The Inner Workings Of A Whole House Water Filter

There are many different types of whole house water filtration systems. While the medium used in different systems for filtering out the contaminants in the water might be different but the basic principle is the same. Here is a quick guide on how your whole house water filter works.

This filter is usually connected to the main water line before it connects to the water heater to ensure that every single drop of water that enters your home is filtered.

The first filter encountered by the water is a sediment pre-filter. This particular filter is designed to get rid of the biggest contaminants in the water including sediment, rust, sand, silt, and debris among others. In addition to getting rid of the bigger contaminants, it also makes sure that the next filters in the filtration system remain functional much longer. If this filter is not present in the system, you will need to change other filters more frequently.

Once in a sediment pre-filter removes the larger particles, the water moves to the activated carbon filter. The activated carbon filter is one of the most important parts of the system as it helps in getting rid of a large number of particles. Activated carbon provides a lot of porous surfaces. This surface on this filter is full of grannies and notes.

The contaminants in the water flowing through this filter stick to these nooks and crannies through a natural process known as adsorption. It is a highly effective filter and gets rid of most of the chlorine in the water, remaining sediment, volatile organic compounds as well as foul smells and tastes. The activated carbon filter is sometimes treated with special substances in order to give it different properties. Some filters use a small amount of silver in this filter to add anti-bacterial capacity to the filter.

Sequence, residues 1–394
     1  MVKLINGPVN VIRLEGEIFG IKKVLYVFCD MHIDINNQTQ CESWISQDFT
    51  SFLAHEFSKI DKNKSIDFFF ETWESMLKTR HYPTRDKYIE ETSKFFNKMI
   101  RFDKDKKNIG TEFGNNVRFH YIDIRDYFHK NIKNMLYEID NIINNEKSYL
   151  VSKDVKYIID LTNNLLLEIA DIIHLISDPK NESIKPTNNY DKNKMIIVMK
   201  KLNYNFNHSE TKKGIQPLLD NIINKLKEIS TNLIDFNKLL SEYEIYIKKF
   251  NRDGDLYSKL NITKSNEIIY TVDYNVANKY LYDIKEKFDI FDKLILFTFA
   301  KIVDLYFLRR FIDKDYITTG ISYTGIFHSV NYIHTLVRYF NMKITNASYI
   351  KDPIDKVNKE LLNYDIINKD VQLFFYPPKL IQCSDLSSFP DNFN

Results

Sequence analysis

In the next step, the water goes through a copper-zinc and mineral filter. It is also an important filter in the process as it gets rid of the remaining contaminants in the water. This filter is added as it is highly effective in getting rid of the remaining chlorine, heavy metals as well as any bacteria and other harmful microorganisms typically found in the water. It is also highly effective at removing most of the scale in the water.

Some whole house water filtration systems also have an additional step in the form of a water softener or descaler. Keep in mind that not all the filtration systems have it. In some cases, ion-exchange technology is used to achieve descaling. Click here to check our buyer’s guide and reviews on the top-rated water ionizers.

When the filtered water enters the ion-exchange chamber, it passes over some resin beads. These beads are full of sodium ions. The calcium and magnesium particles present in the water replace the sodium ions. This process makes the water soft but also a bit salty. There are systems available in the market where a salt-free water softener is used for maintaining the neutral taste of water.

Some filtration systems also have a post-filter. It is optional but used more frequently as compared to the water softener. Its main use is to enhance the quality of water. The water entering the post-filter does not have any bigger particles as all those have already been filtered out and usually only very small particles remain. The role of this filter is to get rid of these small particles. The filters look like a mesh that is full of holes but the critical part is the size of these holes. Most of the post-filter holes measure around 1 micron though there are filters with holes measuring 0.35 microns.

A UV filter is an optional but highly efficient component of a water filtration system. This filter is capable of killing any remaining virus, bacteria or microorganisms. You should use a UV filter as part of the water filtration system if you suspect that there is high bacterial contamination in the water source.